Friday's Story at Attic Whispers:
And The Band Played On
A little ditty about a couple of people who just happen to meet while enjoying a music concert
in Golden Gate Park, San Francisco in 1892.
When I found these two photos, I noticed they were taken by the same photographer (Cramer) about the same era, and the man's photograph had written on the back: George W. Bennett. Being the genealogy snoop that I am, I did a little digging.
I found Charles L. Cramer, a San Francisco photographer from 1865 to 1905 with a studio called California Photographic Gallery and a partner named, Bailey (could also be Bayley). Charles had a wife, Melinda and a son, Frank. They lived at Pine and Kearney Streets in S.F.
George W. Bennett had 4 listings in San Francisco about this time.
1st George: married Sarah Conley July 29, 1892 by Rev. Beatty and lived at 939 1/2 Dolores in San Francisco (per 1901 directory) He seems to possibly have been from Michigan. I couldn't find much about Sarah except she was born in 1865.
2nd George: Listed in the San Francisco Langley's 1893 Directory as a department manager for Levi Strauss and Company on Battery Street - this man was much older than my photo would indicate and in 1903 left California to Manage Economic Loom Company in New York City.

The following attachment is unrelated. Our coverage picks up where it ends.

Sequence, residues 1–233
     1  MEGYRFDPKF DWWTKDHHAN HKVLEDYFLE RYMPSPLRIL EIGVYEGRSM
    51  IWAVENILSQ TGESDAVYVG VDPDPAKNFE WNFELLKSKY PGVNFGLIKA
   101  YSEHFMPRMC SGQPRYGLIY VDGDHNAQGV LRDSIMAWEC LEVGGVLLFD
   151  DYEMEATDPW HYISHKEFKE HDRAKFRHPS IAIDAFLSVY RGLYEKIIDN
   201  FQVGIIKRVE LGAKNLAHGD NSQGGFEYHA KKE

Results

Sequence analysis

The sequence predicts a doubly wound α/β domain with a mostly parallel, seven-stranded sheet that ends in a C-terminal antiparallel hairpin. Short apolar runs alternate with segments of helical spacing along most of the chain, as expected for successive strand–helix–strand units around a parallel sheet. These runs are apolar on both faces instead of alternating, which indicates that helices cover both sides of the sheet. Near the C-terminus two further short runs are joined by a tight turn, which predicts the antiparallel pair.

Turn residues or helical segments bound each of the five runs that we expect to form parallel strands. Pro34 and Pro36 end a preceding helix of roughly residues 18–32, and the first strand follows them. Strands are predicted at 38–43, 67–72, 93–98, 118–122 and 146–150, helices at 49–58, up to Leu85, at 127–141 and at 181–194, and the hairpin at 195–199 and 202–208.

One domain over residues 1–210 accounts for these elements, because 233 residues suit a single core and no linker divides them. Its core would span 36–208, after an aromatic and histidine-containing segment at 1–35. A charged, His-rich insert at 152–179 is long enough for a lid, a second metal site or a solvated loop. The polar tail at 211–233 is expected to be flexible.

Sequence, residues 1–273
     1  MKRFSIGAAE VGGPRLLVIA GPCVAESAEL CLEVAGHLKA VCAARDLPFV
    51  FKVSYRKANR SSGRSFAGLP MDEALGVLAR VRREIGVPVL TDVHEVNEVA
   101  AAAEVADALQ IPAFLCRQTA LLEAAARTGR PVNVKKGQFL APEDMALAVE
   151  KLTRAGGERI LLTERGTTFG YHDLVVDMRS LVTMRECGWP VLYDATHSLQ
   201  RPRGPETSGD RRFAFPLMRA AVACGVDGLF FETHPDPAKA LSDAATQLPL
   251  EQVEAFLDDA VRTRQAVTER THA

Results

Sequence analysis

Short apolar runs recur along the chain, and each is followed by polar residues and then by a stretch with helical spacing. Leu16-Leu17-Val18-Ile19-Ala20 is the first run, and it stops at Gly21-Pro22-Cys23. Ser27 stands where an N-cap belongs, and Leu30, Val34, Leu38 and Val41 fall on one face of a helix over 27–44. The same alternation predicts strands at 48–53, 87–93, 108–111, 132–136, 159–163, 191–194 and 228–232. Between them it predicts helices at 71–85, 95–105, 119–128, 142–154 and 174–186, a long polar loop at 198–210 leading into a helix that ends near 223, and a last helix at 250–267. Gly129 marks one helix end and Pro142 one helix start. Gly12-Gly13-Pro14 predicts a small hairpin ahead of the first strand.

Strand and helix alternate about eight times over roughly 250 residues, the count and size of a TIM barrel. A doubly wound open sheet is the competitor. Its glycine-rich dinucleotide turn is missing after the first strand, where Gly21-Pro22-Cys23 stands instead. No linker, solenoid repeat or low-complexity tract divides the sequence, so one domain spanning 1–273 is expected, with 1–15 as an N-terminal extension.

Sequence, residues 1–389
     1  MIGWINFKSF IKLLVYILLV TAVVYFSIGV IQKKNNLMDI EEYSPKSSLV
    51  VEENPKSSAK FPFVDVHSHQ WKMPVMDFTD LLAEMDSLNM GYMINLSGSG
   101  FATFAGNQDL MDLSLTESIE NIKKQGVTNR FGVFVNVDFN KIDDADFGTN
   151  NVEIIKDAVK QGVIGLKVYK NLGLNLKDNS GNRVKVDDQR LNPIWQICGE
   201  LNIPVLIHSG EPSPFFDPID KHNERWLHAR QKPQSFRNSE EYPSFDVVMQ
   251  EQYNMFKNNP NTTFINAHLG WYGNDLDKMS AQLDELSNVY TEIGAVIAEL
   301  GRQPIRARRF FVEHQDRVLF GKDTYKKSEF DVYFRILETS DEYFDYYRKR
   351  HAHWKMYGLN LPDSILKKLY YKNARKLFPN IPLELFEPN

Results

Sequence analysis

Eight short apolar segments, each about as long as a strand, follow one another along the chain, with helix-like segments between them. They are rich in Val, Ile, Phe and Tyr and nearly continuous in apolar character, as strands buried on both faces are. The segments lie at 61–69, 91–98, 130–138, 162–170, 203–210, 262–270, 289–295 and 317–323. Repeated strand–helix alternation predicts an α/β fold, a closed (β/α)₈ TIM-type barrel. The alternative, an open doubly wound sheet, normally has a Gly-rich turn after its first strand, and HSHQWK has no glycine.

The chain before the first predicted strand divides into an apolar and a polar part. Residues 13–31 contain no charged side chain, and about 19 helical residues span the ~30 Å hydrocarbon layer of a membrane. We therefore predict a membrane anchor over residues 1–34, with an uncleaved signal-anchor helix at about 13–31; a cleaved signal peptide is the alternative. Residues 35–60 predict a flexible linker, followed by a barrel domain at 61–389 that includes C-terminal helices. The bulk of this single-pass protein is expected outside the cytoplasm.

3rd George: Was a musician and had a band called Bennett's Concert Band. They mostly played marching band music and hired out for a variety of events. Again, older than my photo.
4th George: This man was very interesting. He worked as a S.F. Police Detective (Sargent/Lieutenant), was very well liked and usually caught his man (as court records of the time indicate multiple testimonies by George W.). George retired from the force after 20 years in 1898. He and a few friends headed north to St. Michael's (not sure where that is) and mined for gold, they were there only a few months when -- He Struck It Rich! He became a multi-millionaire (by 1898 standards) over night. Sidebar: in 1898 $1.00 would be equal to $25.00 today).
So, you see how this writer's mind works - I start with a photograph, hear a story forming and start writing. But, I can easily get distracted when there is information about the photograph I'm working with and start mining the information for details. I usually change the name (if one is given and not many are), location and history (if I find any) and create a piece of entertaining, fictitious history. With this particular story, I had to use his real name -- the true histories was just too interesting not to include, although I combined a few of the true George W.s backgrounds to fit my story.
Hope you'll enjoy today's story at Attic Whispers.